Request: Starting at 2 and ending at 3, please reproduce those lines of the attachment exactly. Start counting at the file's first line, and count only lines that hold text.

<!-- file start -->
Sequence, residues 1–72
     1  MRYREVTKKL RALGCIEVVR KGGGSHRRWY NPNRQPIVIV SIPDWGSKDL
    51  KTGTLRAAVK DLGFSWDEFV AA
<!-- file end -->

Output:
     1  MRYREVTKKL RALGCIEVVR KGGGSHRRWY NPNRQPIVIV SIPDWGSKDL
    51  KTGTLRAAVK DLGFSWDEFV AA